And because you can lean your bodyweight into them or hang on for dear life, you get a new challenge level that you can’t get with body weight alone. Combine this with resistance bands, which are these multi-colored elastic bands you can use to work out smaller muscle groups or make other ones harder, and you essentially have a full “gym” that you can take anywhere.
Both of these formed the bulk of my workouts the last year or so, which had benefits that actually carried over to the gym, too. My numbers aren’t going to blow anyone’s mind, but they are going up–which is what matters.
How Often Should You Work Out?
Because bodyweight workouts provide less wear and tear on your body compared to heavy weights, you could do them every day if you wanted. I worked out 5-6 times a week with plenty of walking during my travels. Here’s an example of what you can do with just two workouts:
- Monday: Workout A
- Tuesday: Workout B
- Wednesday: Off
- Thursday: Workout A
- Friday: Workout B
- Saturday and Sunday: Happy fun time
If you’ve been training in the gym for a long time before now, you might find yourself getting stronger simply because you’re letting your body recover better and faster. See how you feel because rest is still important. Sometimes I found myself really beat up because I walked 8-10 miles a day and would rest appropriately.
There’s no wrong answer here.
Take Your Workout to the Park
If you don’t have these handy tools at your disposal, your next best bet is a park. Nearly every city has a park of some sort. On Google Maps, they appear as a large or small swath of green land. Once you find one, you immediately have access to huge variety of possibilities. A simple playground, for example, is the motherlode for fitness. If you’re lucky, you might come across parks that have their own set of outdoors gym equipment (I found a lot of these in Seoul!)
Suspension trainers and bodyweight workouts at the park would be sweet, but you can also do sprints, walking lunges, or cartwheels on the grass. I’m serious about the last part. Here are a few workout ideas: try doing 20-second sprints barefoot on the grass and repeat 10 times. Or do walking lunges for 100 or 200 meters. Or even try this:
- 10-15 bodyweight squats
- 8-12 push-ups (use your knees if you have to)
- 20-30-second bicycle kicks
- 20 jumping jacks
- 12 lunges per leg
- 15-30 second plank
- No rest between exercises, 1 minute rest between sets, repeat for 5 rounds
Even better if that park has a playground because you’d most likely be able to do some sort of pull-up. If you can’t do full pull-ups yet, do inverted rows or work on negative reps, where you jump up and slowly let yourself descend. Both of those intermediary exercises help you build up to your first pull-up! And if you get creative enough, you can incorporate these moves into your workout, too:
Believe it or not, the monkey bars can absolutely hammer your grip strength, arms, abs, and back muscles, especially now that you probably have more weight to hold up than when you were a kid. Additionally, here’s a playground workout you can do:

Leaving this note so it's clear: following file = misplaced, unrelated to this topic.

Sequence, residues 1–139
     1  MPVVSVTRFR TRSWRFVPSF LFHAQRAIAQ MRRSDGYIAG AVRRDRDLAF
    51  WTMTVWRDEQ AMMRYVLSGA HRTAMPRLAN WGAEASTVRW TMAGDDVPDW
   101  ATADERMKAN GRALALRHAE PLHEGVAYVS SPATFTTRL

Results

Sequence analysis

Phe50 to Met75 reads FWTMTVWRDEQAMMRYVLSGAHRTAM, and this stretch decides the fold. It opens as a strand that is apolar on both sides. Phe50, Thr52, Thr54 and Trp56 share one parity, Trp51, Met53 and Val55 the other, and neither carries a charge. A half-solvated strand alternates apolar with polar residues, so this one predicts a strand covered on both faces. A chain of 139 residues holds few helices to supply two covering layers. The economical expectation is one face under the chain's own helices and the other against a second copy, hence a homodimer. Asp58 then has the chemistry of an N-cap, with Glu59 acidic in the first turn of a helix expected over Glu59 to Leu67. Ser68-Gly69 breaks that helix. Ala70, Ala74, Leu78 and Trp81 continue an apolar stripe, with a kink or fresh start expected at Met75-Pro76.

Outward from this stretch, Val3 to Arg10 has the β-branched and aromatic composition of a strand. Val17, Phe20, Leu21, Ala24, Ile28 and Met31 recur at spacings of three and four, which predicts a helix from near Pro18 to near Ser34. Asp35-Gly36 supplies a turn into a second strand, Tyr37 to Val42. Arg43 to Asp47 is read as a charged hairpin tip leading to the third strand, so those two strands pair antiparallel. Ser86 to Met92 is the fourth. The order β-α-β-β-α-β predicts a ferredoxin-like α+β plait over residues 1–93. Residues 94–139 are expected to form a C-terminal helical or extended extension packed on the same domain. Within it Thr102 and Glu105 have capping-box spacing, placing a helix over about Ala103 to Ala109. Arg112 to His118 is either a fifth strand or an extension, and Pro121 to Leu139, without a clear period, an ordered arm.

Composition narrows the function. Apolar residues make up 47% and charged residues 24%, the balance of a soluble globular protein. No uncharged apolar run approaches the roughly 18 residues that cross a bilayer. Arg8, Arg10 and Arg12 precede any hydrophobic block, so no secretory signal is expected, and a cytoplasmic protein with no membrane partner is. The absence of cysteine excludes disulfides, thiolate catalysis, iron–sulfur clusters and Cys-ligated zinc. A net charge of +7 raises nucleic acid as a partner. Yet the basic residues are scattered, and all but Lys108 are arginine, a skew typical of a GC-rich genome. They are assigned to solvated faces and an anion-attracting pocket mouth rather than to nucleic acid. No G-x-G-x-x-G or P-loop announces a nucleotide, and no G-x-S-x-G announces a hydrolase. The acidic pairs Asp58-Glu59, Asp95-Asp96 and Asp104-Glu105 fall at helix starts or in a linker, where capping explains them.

Work Out With YouTube Videos or Monthly Subscriptions
If it’s late and you don’t want to head to the park or something, you might as well stay in and work out in the comfort of your room. Even if you’ve got a small room, there are plenty of workouts on YouTube that are paced really well and don’t require much space. Here are a few examples:
And while you can follow along on a bodyweight or yoga workout, you could also look into monthly subscription services like DailyBurn or FitnessGlo, which are like the Netflix for fitness. I’ve also written about apps like Beatactive that syncs up some killer EDM music to a workout, too.
If You Absolutely Need a Gym, Some Places Have Public Gyms
I’d be remiss to not mention that I did find gyms occasionally and was able to fit in one gym session each week among my bodyweight workouts.
What I learned from searching for gyms all over the world is that most popular commercial gyms offer day passes between $25 to $30 each day. At gyms abroad, such as the Gold’s Gym I encountered in Tokyo, be prepared to bend over and hand over your wallet.
Memberships abroad are expensive. I think it really just drives home two points: fitness, especially lifting weights, is niche and often a luxury. Combine that with the fact that you’re a foreigner and you could find yourself paying over $100 a month easily. In some cases, you wouldn’t even be able to sign up for a monthly membership without having a bank account in that country.
If you’re on the verge of going crazy because you need a gym, it’s worth looking into city-funded gyms, which were plentiful in Tokyo and Taipei. I also found a private one in Seoul that was perfect. It doesn’t hurt to ask the locals, which is how I found out about public gyms and the gym in Seoul. Public gyms are open to anyone or sometimes only to the residents of that area, but I’ve definitely just mentioned that I was staying in the area and got in okay–they don’t seem to need to verify it. These alternatives are a much cheaper option, no matter if you want a daily or monthly pass.
If you’re traveling within the States, start by checking with the local Department of Parks and Recreation or researching the city’s website (like this one in Edmonton, Canada, this in New York City, or this one in Chicago, Illinois) for information on public gyms, fitness centers, community colleges with public access, or community centers.
My expectations for a gym when I travel are so low now that I do a freakin’ happy dance any time I come across a gym that has a squat rack, or a nice set of dumbbells, and also doesn’t ask me to pay out the wazoo for access. You may not always be that lucky, so for those times bodyweight and suspension trainers would be your new religion.
Cover photo by Karen Hong Photography.